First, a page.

Document Detail


Intensifying therapy for hypertension despite suboptimal adherence.
MedLine Citation:
PMID:  19581506     Owner:  NLM     Status:  MEDLINE    
Abstract/OtherAbstract:
More intensive management can improve control blood pressure (BP) in hypertensive patients. However, many would posit that treatment intensification (TI) is not beneficial in the face of suboptimal adherence. We investigated whether the effect of TI on BP varies by adherence. We enrolled 819 patients with hypertension, managed in primary care at an academically-affiliated inner-city hospital. We used the following formula to characterize TI: (visits with a medication change-visits with elevated BP)/total visits. Adherence was characterized using electronic monitoring devices ("MEMS caps"). Patients who returned their MEMS caps (671) were divided into quartiles of adherence, whereas patients who did not return their MEMS caps (148) had "missing" adherence. We examined the relationship between TI and the final systolic blood pressure (SBP), controlling for patient-level covariates. In the entire sample, each additional therapy increase per 10 visits predicted a 2.0 mm Hg decrease in final SBP (P<0.001). After stratifying by adherence, in the "best" adherence quartile each therapy increase predicted a 2.1-mm Hg decrease in final SBP, followed by 1.8 for the "next-best" adherence quartile, 2.3 in the third quartile, and 2.4 in the "worst" adherence quartile. The effect size for patients with "missing" adherence was 1.6 mm Hg. The differences between the group with "best" adherence and the other 4 groups were not statistically significant. In this observational study, treatment intensification was associated with similar BP improvement regardless of the patient's level of adherence. A randomized trial could further examine optimal management of patients with suboptimal adherence.
Authors:
Adam J Rose; Dan R Berlowitz; Meredith Manze; Michelle B Orner; Nancy R Kressin
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Publication Detail:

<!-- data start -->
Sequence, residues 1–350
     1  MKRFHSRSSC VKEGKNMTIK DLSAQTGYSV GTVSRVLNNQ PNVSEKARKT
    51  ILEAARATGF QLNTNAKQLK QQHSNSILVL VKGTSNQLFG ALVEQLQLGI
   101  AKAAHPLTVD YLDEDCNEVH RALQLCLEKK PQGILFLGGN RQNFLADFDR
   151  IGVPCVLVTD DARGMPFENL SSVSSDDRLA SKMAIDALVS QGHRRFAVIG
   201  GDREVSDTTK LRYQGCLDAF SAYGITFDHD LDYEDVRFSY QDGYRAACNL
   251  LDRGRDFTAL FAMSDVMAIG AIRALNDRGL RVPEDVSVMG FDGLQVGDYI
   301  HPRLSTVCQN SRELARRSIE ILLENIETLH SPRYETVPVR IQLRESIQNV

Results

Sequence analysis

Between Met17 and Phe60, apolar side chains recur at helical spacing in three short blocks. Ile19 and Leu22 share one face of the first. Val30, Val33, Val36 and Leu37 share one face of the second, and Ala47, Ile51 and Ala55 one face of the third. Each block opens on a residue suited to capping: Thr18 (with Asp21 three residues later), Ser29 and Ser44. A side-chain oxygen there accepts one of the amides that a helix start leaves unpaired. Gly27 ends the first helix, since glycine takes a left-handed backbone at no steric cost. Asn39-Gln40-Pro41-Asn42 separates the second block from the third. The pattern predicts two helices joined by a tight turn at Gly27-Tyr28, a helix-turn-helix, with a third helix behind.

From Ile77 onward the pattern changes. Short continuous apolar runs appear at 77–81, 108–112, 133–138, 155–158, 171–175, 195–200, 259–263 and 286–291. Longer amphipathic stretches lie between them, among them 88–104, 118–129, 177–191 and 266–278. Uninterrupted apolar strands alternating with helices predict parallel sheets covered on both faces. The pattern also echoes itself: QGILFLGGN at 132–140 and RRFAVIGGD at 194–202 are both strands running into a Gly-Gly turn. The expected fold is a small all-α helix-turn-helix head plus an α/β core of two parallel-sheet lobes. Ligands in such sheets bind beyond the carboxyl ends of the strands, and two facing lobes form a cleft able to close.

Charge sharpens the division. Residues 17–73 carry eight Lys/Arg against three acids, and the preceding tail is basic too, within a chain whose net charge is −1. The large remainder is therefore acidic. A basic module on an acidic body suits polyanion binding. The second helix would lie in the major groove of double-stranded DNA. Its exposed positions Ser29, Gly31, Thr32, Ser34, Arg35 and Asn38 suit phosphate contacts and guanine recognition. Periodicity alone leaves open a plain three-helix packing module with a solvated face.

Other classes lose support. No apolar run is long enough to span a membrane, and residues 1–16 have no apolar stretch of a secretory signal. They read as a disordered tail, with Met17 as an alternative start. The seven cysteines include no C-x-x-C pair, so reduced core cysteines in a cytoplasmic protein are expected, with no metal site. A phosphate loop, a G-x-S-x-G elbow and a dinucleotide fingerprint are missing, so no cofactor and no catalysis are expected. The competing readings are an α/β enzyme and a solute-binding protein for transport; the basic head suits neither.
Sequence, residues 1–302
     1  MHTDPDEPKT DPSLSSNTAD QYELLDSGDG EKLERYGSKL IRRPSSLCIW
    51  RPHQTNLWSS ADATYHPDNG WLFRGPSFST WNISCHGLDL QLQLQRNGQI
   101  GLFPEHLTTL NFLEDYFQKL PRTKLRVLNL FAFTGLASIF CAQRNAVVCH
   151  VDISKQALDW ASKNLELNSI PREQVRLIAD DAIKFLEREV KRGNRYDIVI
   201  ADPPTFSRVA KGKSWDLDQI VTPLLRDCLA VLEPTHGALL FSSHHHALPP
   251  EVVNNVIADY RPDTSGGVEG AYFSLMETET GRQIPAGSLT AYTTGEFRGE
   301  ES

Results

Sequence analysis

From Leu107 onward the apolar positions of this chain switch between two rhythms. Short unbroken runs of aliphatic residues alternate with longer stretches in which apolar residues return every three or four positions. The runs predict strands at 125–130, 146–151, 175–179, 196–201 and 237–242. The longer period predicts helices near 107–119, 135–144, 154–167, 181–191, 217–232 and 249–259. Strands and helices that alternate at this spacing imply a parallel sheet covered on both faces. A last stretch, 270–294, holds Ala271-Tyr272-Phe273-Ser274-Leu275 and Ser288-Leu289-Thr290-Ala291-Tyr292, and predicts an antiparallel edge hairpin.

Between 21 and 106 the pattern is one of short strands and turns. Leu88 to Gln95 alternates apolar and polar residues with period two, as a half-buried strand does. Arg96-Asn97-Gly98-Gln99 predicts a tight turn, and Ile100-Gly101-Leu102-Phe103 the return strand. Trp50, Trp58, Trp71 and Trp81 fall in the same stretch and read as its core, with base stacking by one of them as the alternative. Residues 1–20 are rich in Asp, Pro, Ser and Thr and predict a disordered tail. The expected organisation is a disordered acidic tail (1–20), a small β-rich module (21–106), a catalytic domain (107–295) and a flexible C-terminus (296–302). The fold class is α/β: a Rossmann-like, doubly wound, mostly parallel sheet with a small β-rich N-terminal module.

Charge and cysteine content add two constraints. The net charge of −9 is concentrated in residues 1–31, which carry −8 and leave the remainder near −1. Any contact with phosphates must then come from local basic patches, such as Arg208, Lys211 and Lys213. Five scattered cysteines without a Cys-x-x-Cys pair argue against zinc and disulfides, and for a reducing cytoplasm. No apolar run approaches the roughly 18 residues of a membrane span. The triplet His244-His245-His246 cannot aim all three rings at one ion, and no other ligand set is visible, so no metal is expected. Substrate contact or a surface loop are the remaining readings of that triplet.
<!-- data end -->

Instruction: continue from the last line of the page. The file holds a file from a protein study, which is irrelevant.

Type:  Journal Article; Research Support, N.I.H., Extramural; Research Support, U.S. Gov't, Non-P.H.S.     Date:  2009-07-06
Journal Detail:
Title:  Hypertension     Volume:  54     ISSN:  1524-4563     ISO Abbreviation:  Hypertension     Publication Date:  2009 Sep 
Date Detail:
Created Date:  2009-08-20     Completed Date:  2009-09-18     Revised Date:  2013-06-04    
Medline Journal Info:
Nlm Unique ID:  7906255     Medline TA:  Hypertension     Country:  United States    
Other Details:
Languages:  eng     Pagination:  524-9     Citation Subset:  IM    
Affiliation:
Center for Health Quality, Outcomes, and Economic Research, Boston University School of Medicine, 200 Springs Road, Bedford, MA 01730, USA. adamrose@bu.edu
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MeSH Terms
Descriptor/Qualifier:
Antihypertensive Agents / classification,  therapeutic use*
Blood Pressure / drug effects*,  physiology
Boston
Female
Humans
Hypertension / drug therapy*,  physiopathology
Male
Medical Records Systems, Computerized / statistics & numerical data
Middle Aged
Multivariate Analysis
Outcome Assessment (Health Care) / methods,  statistics & numerical data
Patient Compliance / statistics & numerical data*
Grant Support
ID/Acronym/Agency:
HL 072814/HL/NHLBI NIH HHS; R01 HL072814/HL/NHLBI NIH HHS; R01 HL072814-01A1/HL/NHLBI NIH HHS
Chemical
Reg. No./Substance:
0/Antihypertensive Agents
Comments/Corrections

From MEDLINE®/PubMed®, a database of the U.S. National Library of Medicine


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